Pioneer and global leader in binder jet 3D printing technology ExOne has posted a year-on-year revenue fall of 27% for their second-quarter earnings report. Company officials said challenging market conditions and future uncertainties as a result of the COVID-19 pandemic continue to put a strain on ExOne, particularly the disruptions to domestic and international shipping and the negative macroeconomic effects. In response to the global crisis, the company took several cost-saving actions, including a mix of employee terminations, furloughs, and pay rate reductions in an effort to save close to $2 million for the April through June quarter. Nonetheless, it is optimistic that a record backlog, increased liquidity, a contract with the U.S. Department of Defense, and a growing interest in 3D printing from companies worldwide will increase revenues in the future.
Heavily disarrayed supply chains brought chaos as lockdown impositions around the world meant factories were shut down and transportation was disrupted. As the year’s second-quarter earnings season took off, we have witnessed countless companies inform revenue declines mainly due to the impacts of the pandemic and various curtailment measures. In the statement released on August 6, 2020, ExOne said the revenue for this period totaled $11.1 million, down from $15.3 million in Q2 2019, claiming its revenue decline resulted from a 47% decrease in earnings from 3D printing machines driven by lower volumes (eight units sold in the current quarter versus 13 in the prior-year period) and an unfavorable mix of machines sold. This decrease was partially offset by a 3% increase in revenue attributable to 3D printed and other products, materials, and services driven by funded research and development contracts.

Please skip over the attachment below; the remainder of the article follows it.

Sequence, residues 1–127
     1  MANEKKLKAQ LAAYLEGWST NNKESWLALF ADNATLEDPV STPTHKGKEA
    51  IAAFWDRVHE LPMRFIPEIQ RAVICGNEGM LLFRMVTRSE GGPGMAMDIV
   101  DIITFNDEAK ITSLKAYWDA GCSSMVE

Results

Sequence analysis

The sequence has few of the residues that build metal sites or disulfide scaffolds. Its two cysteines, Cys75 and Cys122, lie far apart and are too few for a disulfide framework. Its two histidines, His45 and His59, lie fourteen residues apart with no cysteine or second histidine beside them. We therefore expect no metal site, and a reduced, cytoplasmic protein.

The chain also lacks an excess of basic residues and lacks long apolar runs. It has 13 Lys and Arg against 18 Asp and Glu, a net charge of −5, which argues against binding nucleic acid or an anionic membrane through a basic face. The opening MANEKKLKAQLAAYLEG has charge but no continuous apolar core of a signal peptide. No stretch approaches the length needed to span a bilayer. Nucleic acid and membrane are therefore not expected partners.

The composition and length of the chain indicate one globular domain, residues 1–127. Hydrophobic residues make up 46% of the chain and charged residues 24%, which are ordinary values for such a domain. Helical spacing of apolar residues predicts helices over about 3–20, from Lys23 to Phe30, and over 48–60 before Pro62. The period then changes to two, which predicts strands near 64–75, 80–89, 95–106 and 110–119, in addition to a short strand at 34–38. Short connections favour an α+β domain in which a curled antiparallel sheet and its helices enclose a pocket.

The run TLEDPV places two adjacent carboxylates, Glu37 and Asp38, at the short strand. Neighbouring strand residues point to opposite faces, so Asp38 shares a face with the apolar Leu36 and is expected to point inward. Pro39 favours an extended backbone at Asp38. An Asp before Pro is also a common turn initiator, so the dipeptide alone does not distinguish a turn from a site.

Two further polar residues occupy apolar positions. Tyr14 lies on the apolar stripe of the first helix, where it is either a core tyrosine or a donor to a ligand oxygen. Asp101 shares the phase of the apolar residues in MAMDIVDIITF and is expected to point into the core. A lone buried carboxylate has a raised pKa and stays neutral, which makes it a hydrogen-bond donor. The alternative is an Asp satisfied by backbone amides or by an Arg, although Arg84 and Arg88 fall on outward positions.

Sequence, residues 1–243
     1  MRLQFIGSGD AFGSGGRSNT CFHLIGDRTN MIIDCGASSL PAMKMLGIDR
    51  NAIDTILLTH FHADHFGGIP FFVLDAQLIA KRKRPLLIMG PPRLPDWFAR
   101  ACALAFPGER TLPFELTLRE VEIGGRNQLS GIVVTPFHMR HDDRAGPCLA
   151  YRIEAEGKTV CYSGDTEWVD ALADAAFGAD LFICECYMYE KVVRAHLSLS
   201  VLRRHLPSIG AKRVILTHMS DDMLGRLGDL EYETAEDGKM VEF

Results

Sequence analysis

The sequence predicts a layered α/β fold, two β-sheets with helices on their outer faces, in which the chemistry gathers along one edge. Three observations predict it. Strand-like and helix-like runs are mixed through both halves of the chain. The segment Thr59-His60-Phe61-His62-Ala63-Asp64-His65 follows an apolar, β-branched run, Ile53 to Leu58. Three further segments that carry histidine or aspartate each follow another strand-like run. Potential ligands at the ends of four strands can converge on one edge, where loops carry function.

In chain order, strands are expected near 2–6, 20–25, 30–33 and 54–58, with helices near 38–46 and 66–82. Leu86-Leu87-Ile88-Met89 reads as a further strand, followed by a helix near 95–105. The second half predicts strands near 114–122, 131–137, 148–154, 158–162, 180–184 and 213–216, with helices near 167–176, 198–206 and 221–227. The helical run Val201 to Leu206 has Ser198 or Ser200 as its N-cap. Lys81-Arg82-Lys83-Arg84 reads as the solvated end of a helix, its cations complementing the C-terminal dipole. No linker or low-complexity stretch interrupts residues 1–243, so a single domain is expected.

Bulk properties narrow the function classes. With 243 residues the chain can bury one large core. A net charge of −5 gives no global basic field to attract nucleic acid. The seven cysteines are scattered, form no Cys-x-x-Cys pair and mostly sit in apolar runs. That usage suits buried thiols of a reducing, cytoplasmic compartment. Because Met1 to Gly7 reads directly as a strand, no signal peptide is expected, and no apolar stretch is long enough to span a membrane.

Following the report’s release, ExOne’s stock was trading at $9.90, a 1.44% increase compared to the previous day. On March 11, 2020, when COVID-19 reached pandemic status, according to the World Health Organization (WHO), company stock was trading at $5.16 and since then, its shares have increased by 95% and are now at $10.07.
ExOne’s CEO, John Hartner, said on an earnings call that the results showcase how ExOne business has truly differentiated within the 3D market and that during the second quarter they made contingent progress towards a more predictable revenue model delivering recurring revenues of $6.2 million, a year-on-year increase of 3%. Hartner explained that this is largely due to the growth in the company’s install base, funded R&D, and other engineering development services. He also particularly highlighted the continued growth of an already strong backlog to $38.2 million, a new record level that, he expects, will continue to support revenue predictability for some time. As well as a stable gross margin of 27.8% and a total liquidity increase to $29.7 million from $26.8 million on March 31, 2020.
“The fundamentals that support our business remain highly favorable, it may even be enhanced by the current market conditions. ExOne is part of a ten billion dollar 3D printing industry that is growing at double-digit rates and remains relatively young […],” explained the CEO. “We believe our binder jetting technology is in a sweet spot, as manufacturers look for smart and sustainable supply chain solutions that link into a new industry 4.0 dynamic.”